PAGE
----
Sectional Differences

By the 1820's it was clear that three major sections of the nation were developing. It was also clear that these sections were very different from each other in way of life and even in way of thinking. The larger the country grew, the greater the differences became.

The Northeast: The northeast was turning more and more to industry and factories in what was called the Industrial Revolution.     
    The Industrial Revolution was a time of changing how people worked and lived. Machines were taking the place of hand tools. Machines run by water and steam were taking the place of work animals and human muscle.
    Transportation and communication were becoming faster and cheaper all the time. Factories sprang up. New industries began operation.
    Textile factories, making cloth for clothing and other goods, grew rapidly in New England. By 1840 there were 700 cotton mills and 500 woolen mills in New England. More than fifty thousand people worked in these factories.
    Cities grew up around the factories. More and more people came to live in cities, although there were still many small farms around. .
    In 1822 a Congregational minister named Timothy Dwight traveled around New England. Here is some of what he had to say about the life of the people there:

    "It is easy to live comfortably in New England. Any man who wants to work the least bit can earn $125 to $250 a year. Such a man can easily buy himself a large farm in the new territories or a small one in New England. Even someone who does not want to work hard can earn enough to buy a small house and to live a comfortable life."

    Dwight pointed out that New Englanders in the large cities ate too much and drank too much. They spent much time in such sports as football (British rugby), cricket, and skating in the winter.
    Traveling for the purpose of visiting friends and neighbors was common. Music and dancing lessons were given to the children.

    The New England winters were hard. They were particularly hard for the farmers trying to make a living farming the hard, rocky soil.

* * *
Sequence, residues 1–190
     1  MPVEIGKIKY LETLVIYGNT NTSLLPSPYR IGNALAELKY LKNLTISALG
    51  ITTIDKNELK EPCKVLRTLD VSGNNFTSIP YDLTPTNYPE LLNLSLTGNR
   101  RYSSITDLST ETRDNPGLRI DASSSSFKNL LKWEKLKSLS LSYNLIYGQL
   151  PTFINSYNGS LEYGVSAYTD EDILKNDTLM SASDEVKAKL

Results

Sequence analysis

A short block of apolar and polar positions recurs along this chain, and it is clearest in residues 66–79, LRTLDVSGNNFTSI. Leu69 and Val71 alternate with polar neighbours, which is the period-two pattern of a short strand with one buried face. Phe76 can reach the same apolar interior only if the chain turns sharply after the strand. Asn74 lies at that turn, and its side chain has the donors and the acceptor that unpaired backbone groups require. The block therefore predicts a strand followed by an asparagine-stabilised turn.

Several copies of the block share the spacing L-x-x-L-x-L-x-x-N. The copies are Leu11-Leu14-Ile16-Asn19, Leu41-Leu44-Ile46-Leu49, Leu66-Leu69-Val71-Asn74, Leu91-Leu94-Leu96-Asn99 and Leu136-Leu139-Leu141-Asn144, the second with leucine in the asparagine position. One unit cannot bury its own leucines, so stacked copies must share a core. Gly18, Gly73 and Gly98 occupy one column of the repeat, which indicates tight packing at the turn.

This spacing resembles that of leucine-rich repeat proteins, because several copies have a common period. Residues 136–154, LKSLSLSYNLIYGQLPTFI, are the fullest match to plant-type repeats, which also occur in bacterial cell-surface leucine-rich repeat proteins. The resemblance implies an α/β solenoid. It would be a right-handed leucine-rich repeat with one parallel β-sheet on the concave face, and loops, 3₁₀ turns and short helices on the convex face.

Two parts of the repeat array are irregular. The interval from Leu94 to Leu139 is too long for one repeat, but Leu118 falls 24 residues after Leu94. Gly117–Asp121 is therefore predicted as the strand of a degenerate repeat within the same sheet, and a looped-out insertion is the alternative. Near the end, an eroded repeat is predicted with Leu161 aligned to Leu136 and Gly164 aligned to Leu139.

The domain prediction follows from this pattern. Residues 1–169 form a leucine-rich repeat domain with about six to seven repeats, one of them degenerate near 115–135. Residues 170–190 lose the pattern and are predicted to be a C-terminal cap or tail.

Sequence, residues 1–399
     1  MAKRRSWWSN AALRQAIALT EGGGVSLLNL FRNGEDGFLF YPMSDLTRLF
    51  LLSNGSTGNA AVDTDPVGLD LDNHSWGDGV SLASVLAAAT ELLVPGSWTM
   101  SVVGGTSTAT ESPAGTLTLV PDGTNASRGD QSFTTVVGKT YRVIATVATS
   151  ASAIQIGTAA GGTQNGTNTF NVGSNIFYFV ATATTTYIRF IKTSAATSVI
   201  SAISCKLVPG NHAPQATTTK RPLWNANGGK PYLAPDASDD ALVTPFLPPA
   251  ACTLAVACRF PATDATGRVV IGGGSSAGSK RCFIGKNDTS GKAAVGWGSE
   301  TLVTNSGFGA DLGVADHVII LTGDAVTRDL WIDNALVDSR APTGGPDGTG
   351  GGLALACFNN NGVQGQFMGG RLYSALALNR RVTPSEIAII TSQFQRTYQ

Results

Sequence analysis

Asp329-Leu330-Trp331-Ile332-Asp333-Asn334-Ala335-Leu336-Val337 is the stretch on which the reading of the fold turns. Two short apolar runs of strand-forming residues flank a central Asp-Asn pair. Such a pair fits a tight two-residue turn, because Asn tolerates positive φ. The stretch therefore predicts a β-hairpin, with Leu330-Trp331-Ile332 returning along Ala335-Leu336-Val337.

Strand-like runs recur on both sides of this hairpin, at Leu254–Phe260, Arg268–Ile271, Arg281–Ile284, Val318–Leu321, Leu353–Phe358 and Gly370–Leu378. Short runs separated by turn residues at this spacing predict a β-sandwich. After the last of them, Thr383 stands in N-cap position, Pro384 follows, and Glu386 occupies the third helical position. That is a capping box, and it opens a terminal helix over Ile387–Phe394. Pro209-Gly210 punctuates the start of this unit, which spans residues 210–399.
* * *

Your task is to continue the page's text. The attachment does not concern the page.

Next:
These New England farmers began to develop a certain way of life. It was a few­-words-said and fewer-dollars-spent way of living. That is, they did not enjoy talking a lot and they were careful how they spent their money.

The South: The south produced the cotton that was made into cloth in New England. Since the textile mills in New England were growing at a quick pace, more and more cotton was needed.
   
In 1793 an inventor, Eli Whitney, made it easy for the south to produce much more cotton. Whitney invented a machine called the cotton gin.
    Before Whitney's invention, it had taken a field hand one day to. take the seeds out of one pound of cotton. A hand-run cotton gin could remove the seeds from fifty pounds of cotton a day. A water-powered gin could clean a thousand pounds of cotton in a day.
    Black slaves, brought from Africa, had been working the land in the south since before the Revolutionary War. As the demand for cotton grew, more and more slaves were needed to plant, hoe, pick and gin the crops.
    It was profitable to use slaves to grow the cotton. The slave was bought and was never paid any wages.' All the owner had to give a slave was a small cabin, some food and a suit of clothing. Slaves could not quit. Their children became the property of their owner. In time of hardship they could be sold like any other piece of property. 
    The climate in the south was much like the climate in Africa. The slaves were used .to working in the hot southern sun.

    The lower south became a one-crop area. That crop was cotton. 
    Timothy Flint was a man who visited the plantations in Louisiana around 1820. Here is some of what he had to say:

    "The planters of the south are, for the most part, rich and very happy to take in travelers. Wherever I went I got some drink and a good meal.
    "These plantation owners live in big homes overlooking thousands of acres of cotton land. The fact that they are rich is due, I suppose, mostly to slavery.